Tag Archives: poor

“On Private Schools” by Umberto Eco

Image Source: Wikipedia

Image Source: Wikipedia

This is a very short essay included in Turning Back the Clock where Eco shares his thoughts on private schools, which he presents as being antithetical to democracy. I figured I would share a couple quotes.

And this is the situation in the United States: those with money can buy their children a good education; the children of those without money are condemned to semi-illiteracy. Hence the American state does not provide its citizens with equal opportunities.

(Turning Back the Clock: p. 98)

I admit that, if we leave things as they currently stand under the Constitution, we won’t be able to eliminate a certain amount of injustice: the rich will continue to send their children where they wish, while the poor are left in the hands of the state school system. But democracy also means accepting a tolerable quantity of injustice to avoid greater injustice.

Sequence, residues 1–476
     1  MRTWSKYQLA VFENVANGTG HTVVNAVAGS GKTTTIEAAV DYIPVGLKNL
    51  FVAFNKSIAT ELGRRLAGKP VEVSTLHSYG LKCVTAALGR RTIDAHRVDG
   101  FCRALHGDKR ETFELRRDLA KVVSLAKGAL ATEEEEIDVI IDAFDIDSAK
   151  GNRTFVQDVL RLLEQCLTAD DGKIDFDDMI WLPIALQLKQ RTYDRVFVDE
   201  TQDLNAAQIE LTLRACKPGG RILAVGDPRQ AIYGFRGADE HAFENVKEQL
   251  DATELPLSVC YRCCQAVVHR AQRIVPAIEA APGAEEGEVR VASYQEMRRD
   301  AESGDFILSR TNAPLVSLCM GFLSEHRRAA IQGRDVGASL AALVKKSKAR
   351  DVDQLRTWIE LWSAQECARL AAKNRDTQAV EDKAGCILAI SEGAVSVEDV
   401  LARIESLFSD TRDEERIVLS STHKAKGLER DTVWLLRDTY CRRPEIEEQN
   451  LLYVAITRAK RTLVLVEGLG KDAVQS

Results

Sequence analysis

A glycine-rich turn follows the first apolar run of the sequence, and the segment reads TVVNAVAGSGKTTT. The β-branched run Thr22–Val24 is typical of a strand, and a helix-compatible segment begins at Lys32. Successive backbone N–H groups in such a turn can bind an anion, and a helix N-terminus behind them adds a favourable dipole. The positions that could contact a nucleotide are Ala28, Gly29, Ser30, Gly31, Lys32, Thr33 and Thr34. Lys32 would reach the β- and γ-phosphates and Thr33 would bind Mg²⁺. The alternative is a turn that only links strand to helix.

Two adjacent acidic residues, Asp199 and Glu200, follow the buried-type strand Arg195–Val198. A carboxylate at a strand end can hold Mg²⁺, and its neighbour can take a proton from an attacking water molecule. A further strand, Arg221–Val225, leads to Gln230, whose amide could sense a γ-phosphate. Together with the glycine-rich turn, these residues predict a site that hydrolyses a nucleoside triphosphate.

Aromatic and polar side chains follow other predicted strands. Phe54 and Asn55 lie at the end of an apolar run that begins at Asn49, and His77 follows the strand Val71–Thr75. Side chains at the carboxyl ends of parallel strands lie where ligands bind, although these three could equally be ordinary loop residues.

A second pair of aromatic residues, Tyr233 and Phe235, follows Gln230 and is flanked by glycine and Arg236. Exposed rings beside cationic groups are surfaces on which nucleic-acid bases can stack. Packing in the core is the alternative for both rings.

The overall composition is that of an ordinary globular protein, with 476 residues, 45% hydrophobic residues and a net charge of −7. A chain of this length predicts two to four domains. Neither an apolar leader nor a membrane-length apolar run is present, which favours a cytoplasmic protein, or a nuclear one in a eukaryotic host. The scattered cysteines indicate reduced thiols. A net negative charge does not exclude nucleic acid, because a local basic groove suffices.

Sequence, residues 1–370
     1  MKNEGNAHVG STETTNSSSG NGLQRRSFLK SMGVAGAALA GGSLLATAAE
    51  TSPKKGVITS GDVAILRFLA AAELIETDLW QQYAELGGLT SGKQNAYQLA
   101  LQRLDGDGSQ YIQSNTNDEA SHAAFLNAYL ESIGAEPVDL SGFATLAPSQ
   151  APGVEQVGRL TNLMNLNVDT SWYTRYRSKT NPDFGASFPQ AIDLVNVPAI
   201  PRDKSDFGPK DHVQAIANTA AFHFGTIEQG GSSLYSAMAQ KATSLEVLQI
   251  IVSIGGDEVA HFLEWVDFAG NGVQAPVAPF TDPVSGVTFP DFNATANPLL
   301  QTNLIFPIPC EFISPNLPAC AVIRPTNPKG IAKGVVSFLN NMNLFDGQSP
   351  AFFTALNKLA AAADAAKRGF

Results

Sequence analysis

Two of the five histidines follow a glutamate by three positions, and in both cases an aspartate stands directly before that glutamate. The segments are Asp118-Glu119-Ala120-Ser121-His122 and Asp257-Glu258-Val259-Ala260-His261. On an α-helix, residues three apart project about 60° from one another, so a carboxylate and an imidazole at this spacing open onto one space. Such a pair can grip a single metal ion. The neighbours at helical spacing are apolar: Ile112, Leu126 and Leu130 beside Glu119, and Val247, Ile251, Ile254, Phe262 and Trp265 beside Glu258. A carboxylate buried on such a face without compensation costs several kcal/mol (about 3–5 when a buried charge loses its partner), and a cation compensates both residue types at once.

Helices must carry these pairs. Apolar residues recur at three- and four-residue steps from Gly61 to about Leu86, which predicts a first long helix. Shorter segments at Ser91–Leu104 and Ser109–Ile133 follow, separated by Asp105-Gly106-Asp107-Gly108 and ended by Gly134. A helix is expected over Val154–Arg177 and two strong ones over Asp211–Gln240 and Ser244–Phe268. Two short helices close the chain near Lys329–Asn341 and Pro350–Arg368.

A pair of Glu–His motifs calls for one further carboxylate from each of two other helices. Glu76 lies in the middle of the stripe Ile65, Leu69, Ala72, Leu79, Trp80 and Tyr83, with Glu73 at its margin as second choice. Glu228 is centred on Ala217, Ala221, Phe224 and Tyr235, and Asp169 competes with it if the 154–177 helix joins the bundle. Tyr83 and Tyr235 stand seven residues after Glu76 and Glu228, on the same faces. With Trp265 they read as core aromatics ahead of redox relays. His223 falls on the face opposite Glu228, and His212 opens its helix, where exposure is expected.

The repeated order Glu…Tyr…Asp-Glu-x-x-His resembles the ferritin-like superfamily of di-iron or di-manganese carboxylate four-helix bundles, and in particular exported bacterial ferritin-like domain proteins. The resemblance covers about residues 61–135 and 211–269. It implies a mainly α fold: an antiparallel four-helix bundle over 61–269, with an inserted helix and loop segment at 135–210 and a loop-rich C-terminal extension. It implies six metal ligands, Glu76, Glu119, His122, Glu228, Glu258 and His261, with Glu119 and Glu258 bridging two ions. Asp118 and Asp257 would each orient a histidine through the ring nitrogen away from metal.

(ibid: p. 101)

Personally, I have no problem with private schools. If someone can afford to send their kids to one, that’s fine. What I find offensive is the concept that people who elect to send their kids to private schools should be entitled to government funding in the form of vouchers, essentially taking educational funding away from those who need it. If you can afford tuition at a private school, you do not need state assistance. Demanding that you get this is the epitome of greed and selfishness. Just be grateful that you have the resources to provide an advantage for your kids. Lots of people would love to have that luxury.

3 Comments

Filed under Non-fiction

“Coriolanus” by William Shakespeare: How Politicians Manipulate Public Opinion

Coriolanus